Wellbeing in Name Only

The concept of work-life balance is rapidly approaching cliché status, as organisations continue to send their people mixed messages, and fail to implement wellbeing programs made of real substance.

Wellbeing is a buzzword in organisations at the moment and a pattern has developed at the start of each year, when many organisations send out emails to their people reminding them about ‘eating healthy’, ‘sleeping well’ and ensuring they ‘consider work-life balance’ when they return to work after the holidays. Gym memberships are offered at a discount, or perhaps even for free, and the gesture allows companies to tick another ‘caring’ box on the list.

Sadly we live in an age where many leaders have decided that talking about wellbeing aspects like mindfulness and nutrition, and providing sleep pods, ‘quiet rooms’ and discounted gym memberships is a viable alternative to actually creating a culture that respects and values real,  holistic wellbeing. This value is not just to lives of employees and their families, but the long term productivity and success of the company as a whole.

Despite the fact we can quantify the cost of employee mental and physical ill-health in a wide variety of ways, many still see wellbeing as perfunctory and indeed something to be spoken about, but not embraced.  We hear numerous accounts of people who find themselves marginalised as “not serious candidates” if they take advantage of flexible working or take all the maternity or any of the paternity leave.  We watch as outside health providers line the reception halls of organisations while employees are expected to arrive before 7am and leave exhausted after 8pm, not really creating real space to embrace exercise.

A ‘wellbeing culture’ must be promoted and preserved in workplaces that want to achieve sustainable success in turbulent times.

We can measure the impacts to organisations of increasingly sickly employees, in terms of sickness-absence, turnover, accidents at work, stress and mental health, organisational reputation, lost productivity due to presenteeism and more.  We can show how productivity is not a function of time spent on site and many of the traditional demands on employees to bear the heat of the crucible of their line-manager’s making is nothing but detrimental.

I sat with a young man last year, a graduate at a professional services company who pulled me to one side after a meeting with their manager about wellbeing. As he started to speak, he sobbed like his heart was breaking.  He talked about how he lived in a shabby house-share with students in zone 8 and how the Partner for his business, although not his direct manager, had told all the graduates they should be in work before the senior people and not leave until after they leave “if they were serious about ‘making it’ in this business”.

So this young man – 21 years old – got up at 4:30am, to leave at 5am to walk to a bus stop, to get a tube and make it into the central London office right at 7am. At night he waited with his peers, his eyes drooping as his manager and the Partner “chatted about nothing” and then followed the Partner out at a distance, noticed he didn’t hail a cab, but walked 100m across the street to their pied-à-terre and dipped inside as this young man started a two hour journey home.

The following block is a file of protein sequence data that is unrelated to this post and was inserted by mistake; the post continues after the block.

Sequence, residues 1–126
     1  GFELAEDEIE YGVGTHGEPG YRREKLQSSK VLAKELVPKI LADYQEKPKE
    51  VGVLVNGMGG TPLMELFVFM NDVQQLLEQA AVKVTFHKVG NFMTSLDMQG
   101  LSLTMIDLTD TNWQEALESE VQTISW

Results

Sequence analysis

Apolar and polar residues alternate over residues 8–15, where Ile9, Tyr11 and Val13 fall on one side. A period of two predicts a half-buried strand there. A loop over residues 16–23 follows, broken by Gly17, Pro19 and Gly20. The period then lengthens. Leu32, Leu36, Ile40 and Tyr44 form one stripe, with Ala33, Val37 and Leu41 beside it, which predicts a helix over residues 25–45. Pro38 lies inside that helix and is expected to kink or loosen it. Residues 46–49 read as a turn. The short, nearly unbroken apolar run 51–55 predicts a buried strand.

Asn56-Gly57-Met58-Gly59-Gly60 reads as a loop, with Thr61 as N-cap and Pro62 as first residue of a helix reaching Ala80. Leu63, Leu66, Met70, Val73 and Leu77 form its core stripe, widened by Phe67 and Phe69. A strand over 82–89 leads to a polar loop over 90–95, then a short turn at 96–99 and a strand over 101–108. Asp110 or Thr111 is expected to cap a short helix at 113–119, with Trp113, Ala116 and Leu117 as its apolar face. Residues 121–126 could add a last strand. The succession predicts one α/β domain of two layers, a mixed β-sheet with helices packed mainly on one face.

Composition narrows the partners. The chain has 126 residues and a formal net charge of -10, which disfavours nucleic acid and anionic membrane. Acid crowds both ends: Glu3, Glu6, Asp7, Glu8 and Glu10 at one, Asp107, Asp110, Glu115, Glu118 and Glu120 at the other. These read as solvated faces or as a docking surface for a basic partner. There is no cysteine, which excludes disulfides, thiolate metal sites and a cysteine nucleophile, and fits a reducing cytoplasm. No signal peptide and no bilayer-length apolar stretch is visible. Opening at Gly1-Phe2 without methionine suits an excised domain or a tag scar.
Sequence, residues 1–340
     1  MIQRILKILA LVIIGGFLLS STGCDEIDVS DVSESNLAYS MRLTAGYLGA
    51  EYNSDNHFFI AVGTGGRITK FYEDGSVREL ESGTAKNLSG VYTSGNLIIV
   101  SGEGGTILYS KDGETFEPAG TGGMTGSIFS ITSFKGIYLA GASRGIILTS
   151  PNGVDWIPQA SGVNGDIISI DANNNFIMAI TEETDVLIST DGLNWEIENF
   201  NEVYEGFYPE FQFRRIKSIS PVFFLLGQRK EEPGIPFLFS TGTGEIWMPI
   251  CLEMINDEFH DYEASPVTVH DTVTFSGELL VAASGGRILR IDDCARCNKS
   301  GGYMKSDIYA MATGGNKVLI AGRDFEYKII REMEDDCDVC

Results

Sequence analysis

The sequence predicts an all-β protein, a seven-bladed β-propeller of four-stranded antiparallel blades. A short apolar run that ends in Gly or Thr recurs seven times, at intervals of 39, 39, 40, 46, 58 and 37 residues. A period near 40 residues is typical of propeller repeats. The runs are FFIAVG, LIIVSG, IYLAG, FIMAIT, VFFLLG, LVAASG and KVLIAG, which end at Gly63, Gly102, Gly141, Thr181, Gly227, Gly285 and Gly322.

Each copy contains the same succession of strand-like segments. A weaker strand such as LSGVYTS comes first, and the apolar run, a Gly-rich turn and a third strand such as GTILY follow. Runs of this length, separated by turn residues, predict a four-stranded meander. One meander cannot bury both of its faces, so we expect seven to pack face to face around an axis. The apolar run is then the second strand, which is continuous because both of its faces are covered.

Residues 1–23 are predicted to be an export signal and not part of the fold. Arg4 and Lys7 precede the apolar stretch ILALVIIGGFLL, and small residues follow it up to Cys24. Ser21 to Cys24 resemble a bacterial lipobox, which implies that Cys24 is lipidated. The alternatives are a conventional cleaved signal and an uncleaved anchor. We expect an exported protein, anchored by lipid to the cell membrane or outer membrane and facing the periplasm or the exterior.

This employee was exhausted, there was no way he could have been as effective and productive as he was able.  Before he left, he handed me a piece of paper and said “they think this is wellbeing”. He literally ran away to a bathroom and in my hand he’d left a voucher for 10% discount on the gym right next to the office.

This is not how we get the best out of our people – this is not an example of a culture of wellbeing or leaders who understand what it really takes to sustainably engage their people to perform at the highest level.  This young man wasn’t a ‘soft’ Millennial. He was driven and committed to the detriment of his own health. He signed on to long-term sick leave before exiting the company, another asset lost to a disregard for employee wellbeing.

In the UK, the cost of work-related stress alone was an astounding £6.5bn (and that was according to a 2015 study). We know that depression and burn out impact a third of employees, according to a paper by the Depression Alliance alongside research from London School of Economics and King’s College London, who estimated that the annual cost to European businesses of depression alone, was £77bn. 

A ‘wellbeing culture’ must be promoted and preserved in workplaces that want to achieve sustainable success in turbulent times.  This doesn’t mean ‘business-as-usual’ leadership and processes, while outsourcing health with gym vouchers. It means accepting that the place where increasing numbers of employees spend 10 to 12 hours of their day before bringing two to three hours of work home with them, bears a significant responsibility itself for becoming a place that speaks out for its people.  This is not to coddle or pander employees, but rather so that high demands of excellence, commitment and workload can continue to be realistically placed – and met – by a resilient and engaged workforce, with a management that understands diminishing returns, work-life-balance and sustainable leadership – not in theory, but in practice.

To find out how our Anatomy of Wellbeing workshops can help your organisation improve wellbeing, get in touch.

 

 

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